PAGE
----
|Summary||Increased risk of Alzheimer's disease, consider reducing iron levels|
Carriers of the minor alleles for rs1049296 (C2) in the transferrin TF gene and rs1800562 (C282Y) in the HFE gene along with an APOE epsilon 4 genotype were reported to have a risk of late-onset Alzheimer's disease (AD) 37.5 times higher (OR is versus all others) than those without any of the minor alleles in the OPTIMA study (2004) (n=269 healthy elderly controls, n=191 cases with probable or definite AD and n=69 with MCI, 95% CI 2.2 to 638, p<0.0001). Of the 14 carriers in this study, 12 had AD and the other 2 had MCI. The synergy factor for carriers of the C2 and C282Y minor allele was 5.1. Those who only carried one of either C2 or C282Y were not found to have increased risk for AD in this study. However, the increased risk was only discovered in those of Northern European ancestry. [PMID 15060098]
A 2010 study also found that bi-carriers of the minor alleles of rs1049296 and rs1800562 in the combined sample were at increased risk of AD. ("using SFA (p= 0.0016, synergy factor =2.71) and adjusted SFA adjusting for age and presence of the APOE epsilon 4 allele (P=0.002,OR =2.4)") [PMID 20029940]. An estimate for the risk for bicarriers with APOE epsilon 4 (using the synergy factor approach) is OR(tricarriers)= 2 x 2.4 = 4.8. This risk is much less than the original study which found an OR for tricarriers of 37.5. The reason for the large difference in results is not presented. It is possible that specific lifestyle factors, statistical factors etc. could explain this difference. [PMID 20029940]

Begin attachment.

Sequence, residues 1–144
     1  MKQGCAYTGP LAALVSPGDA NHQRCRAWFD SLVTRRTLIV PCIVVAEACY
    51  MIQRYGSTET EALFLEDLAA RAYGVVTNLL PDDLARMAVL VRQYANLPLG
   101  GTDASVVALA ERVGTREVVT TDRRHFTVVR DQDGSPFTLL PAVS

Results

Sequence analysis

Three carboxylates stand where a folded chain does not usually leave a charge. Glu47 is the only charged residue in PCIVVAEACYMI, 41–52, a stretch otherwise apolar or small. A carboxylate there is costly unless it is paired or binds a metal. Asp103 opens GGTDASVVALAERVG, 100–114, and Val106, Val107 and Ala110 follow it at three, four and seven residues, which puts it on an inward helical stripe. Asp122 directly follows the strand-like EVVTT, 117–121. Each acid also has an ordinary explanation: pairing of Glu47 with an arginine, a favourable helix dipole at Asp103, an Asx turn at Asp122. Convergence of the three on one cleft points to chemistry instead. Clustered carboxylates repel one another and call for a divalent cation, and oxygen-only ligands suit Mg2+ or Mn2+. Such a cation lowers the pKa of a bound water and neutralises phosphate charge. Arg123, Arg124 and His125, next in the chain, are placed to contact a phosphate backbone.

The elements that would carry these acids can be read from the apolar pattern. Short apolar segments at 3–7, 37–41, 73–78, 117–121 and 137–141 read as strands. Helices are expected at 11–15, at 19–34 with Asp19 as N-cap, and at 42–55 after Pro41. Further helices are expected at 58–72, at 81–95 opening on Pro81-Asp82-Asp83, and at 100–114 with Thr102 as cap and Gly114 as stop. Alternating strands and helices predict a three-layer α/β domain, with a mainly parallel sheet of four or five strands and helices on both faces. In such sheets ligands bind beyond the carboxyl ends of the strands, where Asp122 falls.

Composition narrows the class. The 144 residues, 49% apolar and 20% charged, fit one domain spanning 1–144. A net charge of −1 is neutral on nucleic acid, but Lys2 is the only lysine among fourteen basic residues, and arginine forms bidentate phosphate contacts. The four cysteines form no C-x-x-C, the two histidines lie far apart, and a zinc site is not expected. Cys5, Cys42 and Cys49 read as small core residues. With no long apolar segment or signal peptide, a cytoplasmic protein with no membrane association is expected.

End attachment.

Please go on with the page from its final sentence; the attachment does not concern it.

A 2012 study also replicated the synergy in bicarriers of rs1049296 and rs1800562 for risk of AD (" synergy factor, 1.75 (95% confidence interval, 1.1–2.8,p =0.02) in Northern Europeans. The synergy factor was 3.1 (1.4–6.9; 0.007) in subjects with the APOE4 allele.") [PMID 20817350]
In spite of the increased risk associated with this rare genoset, it should be noted that the underlying condition implicated by these findings - iron overload - is a treatable condition. If preventative action were taken to address the iron imbalance, it might be possible to reduce the risk of developing Alzheimer's disease for those with this genoset.